Body and Muscle Toning Myths - What really works?

Can You Really ‘Tone’ Your Body?

By Paige Waehner

Why toning is a myth “I really need to get toned up.” I wish I had a dollar for every time I heard that. You’ve probably said it a million times…heck, I’ve said and I even know better. What I’m talking about is the idea of ‘toning’ your body. Most people think that toning means getting more definition and firmer muscles. And how do you get more definition? By doing more reps with lighter weight, of course! But what you may not know is that this idea of toning the muscles is only a myth.

What ‘Toning’ Really Means

So what is toning? The word tone simply describes the state of your muscles. When at rest, your muscles are in a constant state of partial contraction in order to be ready for action. The ‘tone’ of your muscles is involuntary, so you can’t change it by lifting weights a certain way.

Over the years, people have taken the word ‘tone’ and redefined it to mean how lean we are–how defined our muscles appear. In fact, it’s even a gender specific word sometimes–women go to the gym to ‘tone up’ while men go to the gym to lift weights. Know what? Those are the exact same things!

The truth is, you’re limited as to what you can really change about your muscles. In a nutshell, this is what your muscles can do:

  1. Grow larger and/or stronger
  2. Shrink smaller and/or get weaker

You can’t make a muscle longer (without surgery) and you can’t etch it into a certain shape or look. If your goal is to see your muscles, your goal isn’t toning–it’s losing body fat. And, whether you’re a man or woman, wanting to bulk up or slim down, you’ll do the same kinds of exercises and training methods. The difference lies in the weights, reps and sets you’ll do, as well as how many calories you take in (more if you’re building muscle, less if you’re trying to lose fat).

You may be wondering why it matters if you believe in toning or not. The problem with the idea of toning is that it leads to that other stubborn myth…

Spot Training

The myth of toning is often tangled up in the myth of spot training. Someone might say, “I want to tone the back of my arms, so I’m going to do some tricep exercises.” Fine…you can (and should!) work your tricep muscles, but that isn’t going to get rid of the fat around your triceps, which is what keeps you from seeing that muscle. If you reduce your calories, lift weights and do some cardio, you CAN lose body fat. Can you lose it over your triceps? Sure you can…but only your body will decide when (or if) the fat over that particular area will go.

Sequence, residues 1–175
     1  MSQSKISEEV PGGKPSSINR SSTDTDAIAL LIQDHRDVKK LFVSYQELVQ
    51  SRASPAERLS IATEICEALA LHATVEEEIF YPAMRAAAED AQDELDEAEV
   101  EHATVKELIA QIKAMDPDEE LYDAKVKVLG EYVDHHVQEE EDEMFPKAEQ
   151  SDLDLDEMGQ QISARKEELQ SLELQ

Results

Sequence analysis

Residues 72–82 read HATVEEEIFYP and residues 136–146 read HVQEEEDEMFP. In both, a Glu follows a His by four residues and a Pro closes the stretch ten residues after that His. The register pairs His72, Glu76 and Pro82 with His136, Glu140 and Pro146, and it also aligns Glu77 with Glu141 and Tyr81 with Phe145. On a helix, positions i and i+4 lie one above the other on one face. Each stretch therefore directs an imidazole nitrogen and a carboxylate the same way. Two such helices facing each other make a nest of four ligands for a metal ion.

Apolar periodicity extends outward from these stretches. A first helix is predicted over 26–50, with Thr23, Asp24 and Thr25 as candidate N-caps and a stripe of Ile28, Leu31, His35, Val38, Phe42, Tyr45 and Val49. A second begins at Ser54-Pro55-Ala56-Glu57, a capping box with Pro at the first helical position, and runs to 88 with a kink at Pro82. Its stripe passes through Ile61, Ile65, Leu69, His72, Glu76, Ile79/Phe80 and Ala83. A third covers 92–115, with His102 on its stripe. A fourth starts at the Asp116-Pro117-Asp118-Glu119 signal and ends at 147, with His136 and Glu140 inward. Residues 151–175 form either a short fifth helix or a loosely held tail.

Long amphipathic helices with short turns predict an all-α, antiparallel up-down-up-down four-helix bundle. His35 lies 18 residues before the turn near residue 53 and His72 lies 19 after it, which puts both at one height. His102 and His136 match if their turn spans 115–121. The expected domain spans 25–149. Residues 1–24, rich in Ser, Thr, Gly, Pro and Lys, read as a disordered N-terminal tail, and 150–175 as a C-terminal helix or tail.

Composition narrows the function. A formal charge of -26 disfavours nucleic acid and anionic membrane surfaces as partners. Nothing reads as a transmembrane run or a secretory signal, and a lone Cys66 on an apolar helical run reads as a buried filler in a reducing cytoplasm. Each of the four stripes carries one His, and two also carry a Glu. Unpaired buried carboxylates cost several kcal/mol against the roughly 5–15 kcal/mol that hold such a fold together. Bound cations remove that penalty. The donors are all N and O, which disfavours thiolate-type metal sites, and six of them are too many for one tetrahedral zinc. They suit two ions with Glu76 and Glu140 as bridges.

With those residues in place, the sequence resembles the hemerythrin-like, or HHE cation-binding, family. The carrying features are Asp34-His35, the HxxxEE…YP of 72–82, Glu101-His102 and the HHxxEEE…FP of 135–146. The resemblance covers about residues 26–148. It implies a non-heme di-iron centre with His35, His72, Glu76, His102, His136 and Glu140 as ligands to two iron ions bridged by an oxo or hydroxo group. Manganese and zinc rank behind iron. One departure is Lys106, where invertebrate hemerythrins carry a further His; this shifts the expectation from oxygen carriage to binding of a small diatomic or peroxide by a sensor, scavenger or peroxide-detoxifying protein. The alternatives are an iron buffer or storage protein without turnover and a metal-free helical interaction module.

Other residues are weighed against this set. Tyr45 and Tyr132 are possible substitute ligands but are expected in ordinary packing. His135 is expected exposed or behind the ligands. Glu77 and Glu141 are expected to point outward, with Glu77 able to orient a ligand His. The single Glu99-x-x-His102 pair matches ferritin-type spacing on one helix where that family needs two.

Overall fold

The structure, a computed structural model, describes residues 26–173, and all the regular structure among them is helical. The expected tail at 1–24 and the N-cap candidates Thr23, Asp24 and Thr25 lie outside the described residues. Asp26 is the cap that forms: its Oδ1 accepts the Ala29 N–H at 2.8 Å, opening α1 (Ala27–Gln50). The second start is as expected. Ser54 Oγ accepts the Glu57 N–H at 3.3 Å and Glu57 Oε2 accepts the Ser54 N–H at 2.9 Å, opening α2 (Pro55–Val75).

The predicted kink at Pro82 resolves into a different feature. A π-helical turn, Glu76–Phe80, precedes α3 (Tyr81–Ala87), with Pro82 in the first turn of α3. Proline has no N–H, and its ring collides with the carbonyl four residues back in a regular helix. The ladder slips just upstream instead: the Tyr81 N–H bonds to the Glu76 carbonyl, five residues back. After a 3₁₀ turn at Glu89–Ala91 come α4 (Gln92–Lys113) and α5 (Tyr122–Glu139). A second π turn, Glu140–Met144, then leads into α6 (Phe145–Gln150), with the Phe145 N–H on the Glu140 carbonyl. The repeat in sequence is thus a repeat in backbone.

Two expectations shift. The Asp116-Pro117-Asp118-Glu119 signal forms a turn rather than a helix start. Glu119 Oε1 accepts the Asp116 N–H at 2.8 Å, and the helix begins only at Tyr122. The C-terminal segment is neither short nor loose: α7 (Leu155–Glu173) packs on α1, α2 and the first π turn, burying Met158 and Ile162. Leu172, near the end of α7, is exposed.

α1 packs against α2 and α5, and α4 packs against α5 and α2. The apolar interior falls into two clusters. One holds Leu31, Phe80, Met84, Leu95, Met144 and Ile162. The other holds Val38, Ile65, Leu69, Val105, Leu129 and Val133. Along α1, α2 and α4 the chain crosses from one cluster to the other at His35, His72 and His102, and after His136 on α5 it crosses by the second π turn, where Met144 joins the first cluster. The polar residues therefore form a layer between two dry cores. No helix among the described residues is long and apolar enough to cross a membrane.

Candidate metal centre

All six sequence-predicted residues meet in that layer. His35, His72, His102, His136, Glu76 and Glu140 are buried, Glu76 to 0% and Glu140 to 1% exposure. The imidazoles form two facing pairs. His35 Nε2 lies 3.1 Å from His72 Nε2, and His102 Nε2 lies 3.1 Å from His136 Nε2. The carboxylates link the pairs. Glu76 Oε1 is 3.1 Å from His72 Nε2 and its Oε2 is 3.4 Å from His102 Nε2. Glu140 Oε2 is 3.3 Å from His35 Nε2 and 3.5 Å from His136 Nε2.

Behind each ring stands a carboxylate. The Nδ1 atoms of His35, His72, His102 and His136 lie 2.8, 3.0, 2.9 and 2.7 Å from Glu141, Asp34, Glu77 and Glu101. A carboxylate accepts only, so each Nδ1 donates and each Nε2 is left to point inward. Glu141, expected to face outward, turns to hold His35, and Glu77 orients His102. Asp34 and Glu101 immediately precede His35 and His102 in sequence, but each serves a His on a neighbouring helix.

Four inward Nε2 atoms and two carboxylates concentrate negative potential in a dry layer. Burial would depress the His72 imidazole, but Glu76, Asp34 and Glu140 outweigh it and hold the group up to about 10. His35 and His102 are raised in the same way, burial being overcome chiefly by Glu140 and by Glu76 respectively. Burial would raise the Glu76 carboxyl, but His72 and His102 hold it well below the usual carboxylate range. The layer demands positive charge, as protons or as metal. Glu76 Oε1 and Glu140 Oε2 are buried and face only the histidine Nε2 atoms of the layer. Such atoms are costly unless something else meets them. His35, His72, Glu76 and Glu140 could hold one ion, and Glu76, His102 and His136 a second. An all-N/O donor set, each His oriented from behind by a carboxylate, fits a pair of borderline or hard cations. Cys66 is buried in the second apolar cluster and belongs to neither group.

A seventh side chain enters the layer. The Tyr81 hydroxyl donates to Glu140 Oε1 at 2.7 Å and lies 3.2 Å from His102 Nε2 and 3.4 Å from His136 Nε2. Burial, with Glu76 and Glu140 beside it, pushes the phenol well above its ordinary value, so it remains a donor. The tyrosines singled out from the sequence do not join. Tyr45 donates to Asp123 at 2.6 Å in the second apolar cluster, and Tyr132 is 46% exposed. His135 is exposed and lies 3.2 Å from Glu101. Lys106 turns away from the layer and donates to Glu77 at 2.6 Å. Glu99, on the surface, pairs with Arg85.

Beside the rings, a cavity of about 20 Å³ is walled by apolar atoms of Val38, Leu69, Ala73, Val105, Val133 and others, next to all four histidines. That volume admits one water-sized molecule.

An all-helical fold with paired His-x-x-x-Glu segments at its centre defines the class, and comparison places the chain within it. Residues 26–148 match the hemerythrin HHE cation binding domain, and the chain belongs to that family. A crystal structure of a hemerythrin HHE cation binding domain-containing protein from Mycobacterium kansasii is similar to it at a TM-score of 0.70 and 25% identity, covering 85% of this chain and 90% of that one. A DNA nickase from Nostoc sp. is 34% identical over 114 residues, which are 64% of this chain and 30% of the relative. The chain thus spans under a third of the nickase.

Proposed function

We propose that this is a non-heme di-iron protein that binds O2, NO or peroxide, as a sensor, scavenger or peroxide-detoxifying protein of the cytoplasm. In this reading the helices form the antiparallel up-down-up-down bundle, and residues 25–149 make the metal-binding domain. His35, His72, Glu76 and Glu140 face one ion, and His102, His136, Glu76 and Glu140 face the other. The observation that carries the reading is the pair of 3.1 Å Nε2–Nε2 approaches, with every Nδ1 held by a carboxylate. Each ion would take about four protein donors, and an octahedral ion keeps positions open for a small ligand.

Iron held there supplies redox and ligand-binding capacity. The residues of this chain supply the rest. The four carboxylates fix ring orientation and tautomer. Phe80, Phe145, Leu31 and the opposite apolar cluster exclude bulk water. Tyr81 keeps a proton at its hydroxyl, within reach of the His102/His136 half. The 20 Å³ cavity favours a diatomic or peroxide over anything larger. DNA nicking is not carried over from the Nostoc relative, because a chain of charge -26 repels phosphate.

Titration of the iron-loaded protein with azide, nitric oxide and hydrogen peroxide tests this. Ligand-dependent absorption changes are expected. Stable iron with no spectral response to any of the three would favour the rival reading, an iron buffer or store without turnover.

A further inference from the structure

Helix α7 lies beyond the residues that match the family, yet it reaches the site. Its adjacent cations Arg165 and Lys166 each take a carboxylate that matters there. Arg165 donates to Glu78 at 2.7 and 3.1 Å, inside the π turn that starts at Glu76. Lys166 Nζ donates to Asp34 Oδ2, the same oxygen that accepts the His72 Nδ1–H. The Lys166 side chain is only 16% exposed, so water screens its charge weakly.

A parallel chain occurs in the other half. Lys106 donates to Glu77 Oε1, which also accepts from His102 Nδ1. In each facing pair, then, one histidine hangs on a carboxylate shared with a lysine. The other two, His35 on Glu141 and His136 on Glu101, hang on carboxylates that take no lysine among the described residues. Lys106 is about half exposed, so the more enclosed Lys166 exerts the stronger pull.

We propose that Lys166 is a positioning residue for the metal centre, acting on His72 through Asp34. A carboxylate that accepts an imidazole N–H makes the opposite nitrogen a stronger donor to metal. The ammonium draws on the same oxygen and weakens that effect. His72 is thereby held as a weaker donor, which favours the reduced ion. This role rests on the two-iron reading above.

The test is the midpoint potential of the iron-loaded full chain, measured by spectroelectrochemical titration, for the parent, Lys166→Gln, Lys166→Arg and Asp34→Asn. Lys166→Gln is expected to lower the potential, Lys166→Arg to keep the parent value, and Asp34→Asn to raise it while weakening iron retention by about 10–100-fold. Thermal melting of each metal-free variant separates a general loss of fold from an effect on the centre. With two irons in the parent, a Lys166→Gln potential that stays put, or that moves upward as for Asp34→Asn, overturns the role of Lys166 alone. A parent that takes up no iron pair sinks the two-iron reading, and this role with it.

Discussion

So, What’s the Point?

If I’ve convinced you that toning doesn’t exist and that you can’t spot train, you might be wondering why you should even bother lifting weights. If a bicep curl isn’t going to make your biceps more visible, why do it? This is where a shift in perspective needs to happen. Instead of focusing on individual body parts (i.e., I need more defined shoulders!), you need to focus on the whole body (i.e., Working my whole body–with cardio and weights–will help in my overall goals). To make this shift in perspective, it helps to know what strength training will do for you:

You’ll build muscle, which helps with fat loss in the long-term. A pound of muscle burns about 60 calories a day. A pound of fat burns about 5 calories a day. The more muscle you have, the more calories you burn all day.

You’ll strengthen muscles and connective tissues which helps you perform better (whether in daily activities or physical activities) and reduces risk of injury.

You’ll preserve muscle mass as you age. We naturally lose muscle over time, unless we lift weights.

You’ll build stronger bones.

You’ll improve your flexibility, stability and balance. You’ll feel better about yourself.

Getting More Definition

After all you’ve read here, you may be wondering exactly what to do to get more definition in your body. The answer is simple: lose body fat. To lose body fat you need 3 key elements: regular cardio exercise, consistent strength training for all your muscle groups and a healthy, low-calorie diet.

One last note: Whatever your goal or gender, don’t be afraid of heavy weights! It takes a lot of hard work to bulk up–even men can find it difficult, never mind women (who don’t have enough testosterone to get huge muscles).